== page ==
In addition to understanding the effects of exposure, toxicity tests also measure different durations of exposure: acute, subchronic, and chronic.
Acute toxicity tests assess the risk of short-term – usually a single or brief – exposure through normal use or accidental contact. Two examples of these tests are the much-publicized LD50 (lethal dose 50 percent) test, which estimates the dose of a substance needed to kill half of a group of rats or other test animals, and the Draize eye and skin irritancy tests, which use rabbits to estimate the ability of a test substance to irritate or damage these organs.
Subchronic toxicity tests are used to determine toxicity from repeated exposure to a chemical over a period of several weeks to several months. These tests usually last less than 10% of the test subjects’ (typically rats) natural life span. Subchronic toxicity tests are used to measure the toxicity in chemicals, food additives, and even common spices such as paprika. Hydroquinone, a chemical commonly used in skin lightening, age spot, and blemish creams, was also tested using these tests. At the end of the exposure period, the animals are often killed so that their organs may be examined.
Chronic toxicity tests assess risks of long-term exposure – often at low levels for a substantial portion of the test subjects’ life – such as the potential to cause cancer, birth defects, and developmental abnormalities. They may also explore the body’s absorption, distribution, metabolism, storage, and excretion of new chemicals and products, and/or monitor the long-term effect of a chemical on the brain, DNA, and nervous system. Lifetime animal-feeding studies, such as those conducted over the two-year lifetime of a rat or the 18-month lifetime of a mouse, are examples of chronic-toxicity tests. Like in subchronic toxicity tests, these animals are typically killed after the test is over.
While data searches and various other non-animal tests can now be used to determine the toxicity of some substances before they reach the animal-testing stage, animal tests are still widely used as a line of defense against potentially harmful products. Animal tests also precede human tests in evaluating the safety of human drugs and vaccines. Many state and federal laws depend on specific animal test data to identify and classify potentially hazardous substances released into our air, food, and water supplies.
Trends in Consumer Product Safety Testing
Ironically, consumer interest in “green” products has increased the amount of animal testing as manufacturers attempt to develop new, less environmentally harmful products. The push for new products to meet the needs of the developing world, such as affordable toothpaste for people living in poverty, has also increased animal testing. Furthermore, the rise of breeding genetically engineered or modified animals, particularly mice, has led to these animals’ routine use in biomedical research and testing.
Overall, however, the number of animals used to test cosmetics and other personal-care products has declined in recent years. U.S. government statistics show an 8% drop in the number of animals used in labs since 2014, which may have occurred because of the following reasons: many ingredients have already been proven safe through years of animal tests and human use, companies are now more apt to share test results, and a wide array of non-animal skin and eye irritation tests (including synthetic skin and eye models) have been developed to determine the effects of short-term exposure to new ingredients. Public pressure has played a major role in the development of these alternatives.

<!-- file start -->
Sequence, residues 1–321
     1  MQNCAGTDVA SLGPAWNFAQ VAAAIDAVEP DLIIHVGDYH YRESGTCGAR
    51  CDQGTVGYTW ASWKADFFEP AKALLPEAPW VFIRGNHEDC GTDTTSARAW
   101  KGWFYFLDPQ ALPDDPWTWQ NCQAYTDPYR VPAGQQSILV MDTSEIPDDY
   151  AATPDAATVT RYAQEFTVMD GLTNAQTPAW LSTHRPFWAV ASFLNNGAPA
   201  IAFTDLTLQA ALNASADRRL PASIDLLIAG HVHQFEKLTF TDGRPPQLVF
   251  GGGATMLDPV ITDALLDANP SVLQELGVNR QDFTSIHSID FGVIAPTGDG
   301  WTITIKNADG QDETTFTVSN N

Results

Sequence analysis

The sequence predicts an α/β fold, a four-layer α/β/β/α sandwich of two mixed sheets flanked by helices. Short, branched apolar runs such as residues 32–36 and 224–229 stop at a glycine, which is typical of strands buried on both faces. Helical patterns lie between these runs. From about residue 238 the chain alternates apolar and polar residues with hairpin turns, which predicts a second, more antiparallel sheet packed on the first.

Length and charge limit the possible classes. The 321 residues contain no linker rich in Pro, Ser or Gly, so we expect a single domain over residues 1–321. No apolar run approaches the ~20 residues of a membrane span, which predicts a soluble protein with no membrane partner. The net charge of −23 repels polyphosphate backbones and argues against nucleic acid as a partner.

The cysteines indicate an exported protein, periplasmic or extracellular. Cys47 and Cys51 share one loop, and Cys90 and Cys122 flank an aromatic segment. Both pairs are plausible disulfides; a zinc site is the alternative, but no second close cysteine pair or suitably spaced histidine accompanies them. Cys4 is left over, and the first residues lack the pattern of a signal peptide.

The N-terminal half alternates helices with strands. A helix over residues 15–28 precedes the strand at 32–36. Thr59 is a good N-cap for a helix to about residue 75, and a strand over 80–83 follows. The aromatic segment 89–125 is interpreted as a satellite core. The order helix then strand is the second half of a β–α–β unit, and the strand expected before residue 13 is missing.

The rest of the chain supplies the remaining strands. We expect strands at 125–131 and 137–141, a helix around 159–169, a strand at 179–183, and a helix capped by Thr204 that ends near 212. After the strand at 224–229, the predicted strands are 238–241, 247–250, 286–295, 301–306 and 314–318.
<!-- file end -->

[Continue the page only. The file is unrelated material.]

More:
Today, it is increasingly likely that some combination of alternative tests will be used, at least initially, to screen out potentially harmful substances before they reach the animal testing stage. Some of the largest multi-national consumer products manufacturers, such as Procter & Gamble and L’Oréal have developed alternatives. For example, L’Oréal’s human skin model, EPISKIN, was validated by the European Centre for the Validation of Alternative Methods (ECVAM) in 2007 as an alternative to skin irritation tests performed on animals. Often, these tests are then used by smaller companies that sell products labeled “cruelty-free” or “not tested on animals” (see Cruelty-Free Labeling).
Laws and Regulations
While federal laws don’t always require animal tests, many indirectly influence testing procedures through regulations and guidelines. For example, the Food and Drug Administration (FDA) requires that drugs, vaccines, and medical devices be both “safe” and “effective” and that labeling claims be substantiated.
Unfortunately, animal test results are now well established as the international standard for assessing product safety. Because countries differ widely on the degree to which they will consider alternative test results for products sold within their borders, this can result in frustration and red tape for multinational companies interested in alternative test methods, as their efforts to use non-traditional, non-animal safety data can thus become stymied. For example, in China, laws require that cosmetics are tested on animals before they can be approved, which has created an obstacle for many “cruelty-free” companies looking to expand into the Chinese market.
In the US, some progress is being made at the state level. California, New Jersey, and New York each have laws limiting the use of animals in product testing. They require that if an appropriate non-animal test has been validated by the Interagency Coordinating Committee on the Validation of Alternative Methods (ICCVAM), it must be used in lieu of animal-based testing. (Please see below for more information on validation and ICCVAM.)